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Friday, April 19, 2024

A cookbook for all dishes

The challenge of cookbooks is great:??They must both attract us to a dish as something we want to create and at the same time make it so that we are able to create it within time and financial constraints. Some books are better at doing one than the other. The ones that attract us with fancy food photography and lyrical prose are often created by chefs at $50 a plate restaurants and usually include complex and lengthy recipes; The books that are full of simple recipes whose products are unimaginative lack flavor and character. The outstanding cookbook does both. 

 

 

 

Chefs today, both at home and in restaurants, are blessed. The type of ingredients available, be them procured locally or from far-away countries, are more flavorful, colorful and bountiful than at any other moment in time. Cultural diversity around the world has allowed for peoples from?? distinctly different ethnic backgrounds to experience foods from outside their own background. In our country, the current popularity of cooking has caused our individual tastes to become more sophisticated and particular about how food is prepared. Cookbooks have had to adapt to these changes. In the past decade, because of this increasing interest in learning about food and how to cook, there has been an explosion of new titles. ?? 

 

 

 

Some cookbooks will always be outstanding, such as the works of Escoffier, Julia Child, Jacques Pepin, Marcella Hazan and Alice Waters, just to name a few. But this changing culinary landscape is also changing the way in which we cook. We just don't want to know how to make something'we want to know that dish's cultural origin, where the ingredients used are harvested, and why we have to roast something instead of poaching it. Cooks today don't just want to replicate the substance of the dish, they want to replicate its soul. The books selected below teach how to appreciate the process of cooking. Some are simple, some more complex. But all are guides to how to become better cooks.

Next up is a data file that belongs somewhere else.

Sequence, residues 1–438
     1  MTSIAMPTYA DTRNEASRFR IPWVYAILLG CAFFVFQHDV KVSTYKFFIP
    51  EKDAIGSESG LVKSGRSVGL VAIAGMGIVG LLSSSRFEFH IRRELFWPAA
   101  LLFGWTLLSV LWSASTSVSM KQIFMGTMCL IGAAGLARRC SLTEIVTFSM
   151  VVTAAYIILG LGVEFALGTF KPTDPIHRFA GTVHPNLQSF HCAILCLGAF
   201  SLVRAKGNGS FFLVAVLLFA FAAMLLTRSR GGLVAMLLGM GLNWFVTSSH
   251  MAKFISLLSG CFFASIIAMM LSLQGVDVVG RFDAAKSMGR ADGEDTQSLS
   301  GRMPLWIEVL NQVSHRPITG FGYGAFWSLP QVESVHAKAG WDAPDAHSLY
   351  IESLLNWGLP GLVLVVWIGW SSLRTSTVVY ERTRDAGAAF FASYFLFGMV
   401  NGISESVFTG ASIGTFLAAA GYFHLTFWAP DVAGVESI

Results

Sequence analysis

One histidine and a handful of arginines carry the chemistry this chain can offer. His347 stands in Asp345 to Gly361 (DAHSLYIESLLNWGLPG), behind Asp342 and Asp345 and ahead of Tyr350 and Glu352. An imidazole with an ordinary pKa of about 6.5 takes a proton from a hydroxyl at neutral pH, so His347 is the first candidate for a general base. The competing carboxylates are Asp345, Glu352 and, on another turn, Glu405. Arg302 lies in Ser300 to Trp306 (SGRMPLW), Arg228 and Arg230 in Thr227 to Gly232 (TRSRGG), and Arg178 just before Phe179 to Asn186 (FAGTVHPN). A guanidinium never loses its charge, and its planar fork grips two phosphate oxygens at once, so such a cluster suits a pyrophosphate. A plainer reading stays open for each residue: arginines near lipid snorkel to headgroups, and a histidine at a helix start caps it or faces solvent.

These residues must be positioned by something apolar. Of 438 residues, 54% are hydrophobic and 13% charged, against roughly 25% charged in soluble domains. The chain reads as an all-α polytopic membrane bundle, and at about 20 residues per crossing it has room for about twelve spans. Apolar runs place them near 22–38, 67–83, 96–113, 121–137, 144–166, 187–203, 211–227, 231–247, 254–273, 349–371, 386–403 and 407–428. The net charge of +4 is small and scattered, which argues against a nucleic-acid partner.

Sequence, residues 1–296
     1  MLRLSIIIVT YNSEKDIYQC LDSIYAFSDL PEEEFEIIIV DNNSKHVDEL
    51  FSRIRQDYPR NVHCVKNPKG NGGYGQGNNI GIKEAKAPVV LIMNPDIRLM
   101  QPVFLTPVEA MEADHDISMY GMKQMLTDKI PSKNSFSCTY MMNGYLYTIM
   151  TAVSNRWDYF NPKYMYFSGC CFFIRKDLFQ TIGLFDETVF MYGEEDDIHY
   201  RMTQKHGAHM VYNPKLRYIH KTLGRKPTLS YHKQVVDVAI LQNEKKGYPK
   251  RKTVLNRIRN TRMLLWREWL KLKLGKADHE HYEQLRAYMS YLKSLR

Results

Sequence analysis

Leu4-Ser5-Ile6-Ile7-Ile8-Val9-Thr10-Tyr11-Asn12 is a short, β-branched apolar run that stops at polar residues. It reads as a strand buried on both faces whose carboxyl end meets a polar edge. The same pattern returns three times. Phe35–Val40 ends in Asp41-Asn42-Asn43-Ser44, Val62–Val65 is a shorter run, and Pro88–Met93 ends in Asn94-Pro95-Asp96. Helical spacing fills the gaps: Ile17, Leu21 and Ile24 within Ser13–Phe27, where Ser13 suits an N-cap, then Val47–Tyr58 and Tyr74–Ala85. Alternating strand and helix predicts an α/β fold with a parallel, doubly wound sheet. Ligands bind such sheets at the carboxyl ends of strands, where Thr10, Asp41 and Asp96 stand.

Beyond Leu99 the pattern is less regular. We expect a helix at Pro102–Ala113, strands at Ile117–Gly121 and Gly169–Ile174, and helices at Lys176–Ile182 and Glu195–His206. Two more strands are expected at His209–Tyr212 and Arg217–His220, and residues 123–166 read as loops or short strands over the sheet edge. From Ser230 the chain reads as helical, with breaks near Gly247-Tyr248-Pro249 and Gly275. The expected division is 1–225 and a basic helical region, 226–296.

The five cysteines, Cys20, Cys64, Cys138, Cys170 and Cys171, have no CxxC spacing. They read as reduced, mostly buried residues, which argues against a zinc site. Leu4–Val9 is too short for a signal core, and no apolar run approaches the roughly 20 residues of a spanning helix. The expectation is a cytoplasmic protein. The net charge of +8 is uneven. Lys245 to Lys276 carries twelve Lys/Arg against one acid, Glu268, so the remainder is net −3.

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Cardinal Foods has chosen a book from each category considered as an essential foundation for starting your own cookbook library and a few others if you're interested in reading more. Additionally, great online resources for browsing cookbooks include amazon.com's Cooking, Food and Wine section; ecookbooks.com and epicurious.com's Cookbook Central. 

 

 

 

 

 

These books capture the spirit of American cooking rooted in the traditions of European immigrants and refined on the farms and cities of our nation. Many of these books are classics that tell the reader how to make mashed potatoes, roast a chicken or even make eggs Benedict. The recipes inside provide a basis for the items that we all eat each day. 

 

 

 

Cardinal Pick: 'How to Cook Everything: Simple Recipes for Great Food' by Mark Bittman (Hungry Minds Inc). 

 

 

 

 

 

Sometimes we don't need a full recipe. Instead, we might just need to know how to seed an avocado, make garlic confit, truss a chicken or what frise?? look like. 

 

 

 

That's where reference books come in. Just like other reference books, these increase your knowledge of food and what it means to cook. 

 

 

 

Cardinal Pick: 'The New Making of a Cook: The Art, Technique and Science of Cooking' by Madeline Kamman (William Morrow and Co.). 

 

 

 

 

 

Witty and academic, these aren't really cookbooks but rather ruminations on food, dining and how they affect the way we live. Even so, they help develop an appreciation of all that is cooking. 

 

 

 

Cardinal Pick: 'The Art of Eating' by M.F.K. Fisher (Hungry Minds Inc.).  

 

 

 

 

 

It's often hard to know what wine to buy and what wine goes with what foods. The right book can offer a good general guide to help the beginner identify wines, know the differences between varietals, how regions affect taste and body and how to choose wines according to the meal.  

 

 

 

Cardinal Pick: 'Windows on the World Complete Wine Course, 2002 Edition' by Kevin Zraly (Sterling Publications). 

 

 

 

 

 

Of all these genres, perhaps the most important one to have a reference to work from is baking. The precision of measurement and the specificity of ingredient in baking breads, pastries and desserts require strict adherence for the recipe to come out just right. 

 

 

 

Cardinal Pick: 'In the Sweet Kitchen: The Definitive Guide to the Baker's Pantry' by Regan Daley (Artisan).

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